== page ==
New methods of plastic surface design of the wall did not achieve such clarity and clarity, as in the Palazzo Farnese in Rome. In 1514 the first builder of the building was Antonio Sangallo, the youngest, who brought it to the crowning cornice. After the death of Sangallo in 1546 Michelangelo among others took part in the completion of the construction of the palace. It was at the end of the High Renaissance. The palace suppressed the square in front of him in its dimensions.
In the splendor of the palace, where the prelate lived – a man with unrestrained needs, signs of advancing baroque appear. At first the palace was intended for Cardinal Farnese, and when the construction was completed, the cardinal became Pope Paul III. Michelangelo was able to express the essence of the changes that occurred by plastic means.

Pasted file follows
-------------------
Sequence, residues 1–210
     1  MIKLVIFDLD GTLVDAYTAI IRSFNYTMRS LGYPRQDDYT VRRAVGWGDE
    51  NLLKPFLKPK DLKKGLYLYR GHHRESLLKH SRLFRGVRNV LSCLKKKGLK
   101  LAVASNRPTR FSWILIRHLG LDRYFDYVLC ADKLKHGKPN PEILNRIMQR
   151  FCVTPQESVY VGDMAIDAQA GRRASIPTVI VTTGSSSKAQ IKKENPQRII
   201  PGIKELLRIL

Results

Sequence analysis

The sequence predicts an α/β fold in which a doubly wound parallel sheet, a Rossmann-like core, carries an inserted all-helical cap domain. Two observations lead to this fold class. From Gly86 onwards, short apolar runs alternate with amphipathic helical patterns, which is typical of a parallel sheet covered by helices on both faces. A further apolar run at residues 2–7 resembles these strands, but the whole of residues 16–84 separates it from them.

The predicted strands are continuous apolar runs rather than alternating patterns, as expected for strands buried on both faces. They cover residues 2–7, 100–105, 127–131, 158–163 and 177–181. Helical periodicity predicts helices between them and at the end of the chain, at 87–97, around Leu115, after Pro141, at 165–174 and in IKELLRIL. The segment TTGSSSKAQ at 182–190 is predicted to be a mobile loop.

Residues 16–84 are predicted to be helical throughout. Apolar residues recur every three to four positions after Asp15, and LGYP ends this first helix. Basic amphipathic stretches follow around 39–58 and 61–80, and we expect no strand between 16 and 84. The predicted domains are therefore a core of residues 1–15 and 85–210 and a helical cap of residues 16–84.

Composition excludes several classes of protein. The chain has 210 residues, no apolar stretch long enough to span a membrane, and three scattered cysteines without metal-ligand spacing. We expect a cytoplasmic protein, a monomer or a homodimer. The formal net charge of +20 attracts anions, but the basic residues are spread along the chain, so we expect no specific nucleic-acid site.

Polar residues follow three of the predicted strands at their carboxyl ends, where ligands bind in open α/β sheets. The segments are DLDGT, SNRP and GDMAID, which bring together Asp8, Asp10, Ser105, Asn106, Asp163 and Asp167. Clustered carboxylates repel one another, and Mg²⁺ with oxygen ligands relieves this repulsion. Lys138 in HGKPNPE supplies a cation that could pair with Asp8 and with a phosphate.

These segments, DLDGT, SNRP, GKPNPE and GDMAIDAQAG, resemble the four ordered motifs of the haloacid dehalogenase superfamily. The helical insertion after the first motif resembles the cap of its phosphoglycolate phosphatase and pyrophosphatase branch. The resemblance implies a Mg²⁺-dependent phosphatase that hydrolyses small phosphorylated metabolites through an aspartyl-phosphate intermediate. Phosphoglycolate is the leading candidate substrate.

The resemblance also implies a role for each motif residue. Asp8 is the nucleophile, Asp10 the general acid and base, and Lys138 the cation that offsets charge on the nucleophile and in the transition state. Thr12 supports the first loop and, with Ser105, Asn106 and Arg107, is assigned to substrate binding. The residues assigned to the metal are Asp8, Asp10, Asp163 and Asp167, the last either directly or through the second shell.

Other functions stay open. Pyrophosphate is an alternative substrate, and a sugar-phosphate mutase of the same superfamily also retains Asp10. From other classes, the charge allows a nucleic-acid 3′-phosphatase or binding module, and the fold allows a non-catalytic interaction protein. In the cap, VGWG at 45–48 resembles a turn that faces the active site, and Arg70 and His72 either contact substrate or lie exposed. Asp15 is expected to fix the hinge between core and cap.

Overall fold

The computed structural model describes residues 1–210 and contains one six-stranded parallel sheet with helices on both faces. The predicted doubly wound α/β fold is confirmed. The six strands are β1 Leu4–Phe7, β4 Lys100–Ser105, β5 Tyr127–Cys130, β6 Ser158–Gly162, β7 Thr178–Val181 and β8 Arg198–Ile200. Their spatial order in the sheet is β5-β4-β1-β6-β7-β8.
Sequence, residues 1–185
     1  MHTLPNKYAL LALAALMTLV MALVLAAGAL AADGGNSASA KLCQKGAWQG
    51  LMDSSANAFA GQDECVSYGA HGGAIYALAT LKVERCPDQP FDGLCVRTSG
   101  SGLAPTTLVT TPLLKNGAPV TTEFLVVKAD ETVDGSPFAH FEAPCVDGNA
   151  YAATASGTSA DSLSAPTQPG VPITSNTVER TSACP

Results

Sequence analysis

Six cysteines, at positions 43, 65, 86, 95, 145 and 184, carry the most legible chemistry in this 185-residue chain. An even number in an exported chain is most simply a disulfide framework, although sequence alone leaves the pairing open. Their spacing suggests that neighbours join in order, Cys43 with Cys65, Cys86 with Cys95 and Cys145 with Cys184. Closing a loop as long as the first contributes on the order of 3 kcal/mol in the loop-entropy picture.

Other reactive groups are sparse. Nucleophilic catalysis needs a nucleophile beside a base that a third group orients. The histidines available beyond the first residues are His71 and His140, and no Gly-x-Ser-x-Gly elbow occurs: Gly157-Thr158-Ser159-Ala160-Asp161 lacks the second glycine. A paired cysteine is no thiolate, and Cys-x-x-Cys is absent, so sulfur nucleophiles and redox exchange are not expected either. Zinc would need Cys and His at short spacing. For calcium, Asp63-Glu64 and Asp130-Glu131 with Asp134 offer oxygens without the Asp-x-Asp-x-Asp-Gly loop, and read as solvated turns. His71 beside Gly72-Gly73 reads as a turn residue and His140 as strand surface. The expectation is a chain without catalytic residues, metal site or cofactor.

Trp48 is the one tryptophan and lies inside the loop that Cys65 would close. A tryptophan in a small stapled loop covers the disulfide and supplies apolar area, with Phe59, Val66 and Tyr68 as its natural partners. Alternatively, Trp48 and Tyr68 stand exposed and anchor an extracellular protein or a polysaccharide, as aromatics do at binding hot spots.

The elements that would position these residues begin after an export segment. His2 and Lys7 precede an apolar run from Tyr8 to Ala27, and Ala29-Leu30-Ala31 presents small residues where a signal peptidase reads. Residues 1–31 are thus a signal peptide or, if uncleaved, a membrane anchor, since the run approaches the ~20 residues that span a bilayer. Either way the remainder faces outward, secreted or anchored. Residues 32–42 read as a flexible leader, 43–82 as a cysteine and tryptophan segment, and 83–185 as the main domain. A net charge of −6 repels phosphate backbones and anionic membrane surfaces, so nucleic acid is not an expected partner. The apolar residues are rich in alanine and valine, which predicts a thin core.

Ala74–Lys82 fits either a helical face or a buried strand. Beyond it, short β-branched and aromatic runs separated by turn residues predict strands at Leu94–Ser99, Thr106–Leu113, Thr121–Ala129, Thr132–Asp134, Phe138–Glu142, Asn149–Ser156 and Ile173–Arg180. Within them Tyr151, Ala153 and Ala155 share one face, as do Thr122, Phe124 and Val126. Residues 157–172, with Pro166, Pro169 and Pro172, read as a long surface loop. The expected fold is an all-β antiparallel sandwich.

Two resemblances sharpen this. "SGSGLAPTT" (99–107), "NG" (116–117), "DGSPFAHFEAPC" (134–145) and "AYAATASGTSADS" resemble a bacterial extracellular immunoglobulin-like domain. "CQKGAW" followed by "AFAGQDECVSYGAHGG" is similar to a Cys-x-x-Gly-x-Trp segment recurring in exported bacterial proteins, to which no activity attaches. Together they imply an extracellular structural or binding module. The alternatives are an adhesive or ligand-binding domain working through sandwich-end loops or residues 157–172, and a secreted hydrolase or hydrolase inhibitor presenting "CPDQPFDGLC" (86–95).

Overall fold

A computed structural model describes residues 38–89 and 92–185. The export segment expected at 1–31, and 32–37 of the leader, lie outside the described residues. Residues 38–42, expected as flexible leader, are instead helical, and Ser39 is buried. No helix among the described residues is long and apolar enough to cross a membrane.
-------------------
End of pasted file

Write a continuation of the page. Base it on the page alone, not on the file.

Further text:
Already, his predecessor, Sangallo, emphasized the middle window with two concentric arches. There is nothing like this in Michelangelo. Creating a contrast between the windows with alternating triangular and segmented pediments above them and the middle window, Michelangelo spends along the facade to the right and left of the central window of the architrave, which perceives the entire load of the huge Farnese emblem, crowned with the papal tiara.
The monumental window seems to be waiting for the master who wants to show himself to the crowd. From the side of the garden, the palace of Farnese is bordered by Via Giulia, the direction of which was outlined by Bramante, and with the Tiber. Michelangelo realized that the huge mass of the palace requires that it is surrounded by free space. He designed a bridge across the Tiber, which was to link the palace with the villa of Farnesin on the other bank of the river and with the Trastevere quarter, ie, he created a backbone, as was later customary in France when building large palace ensembles.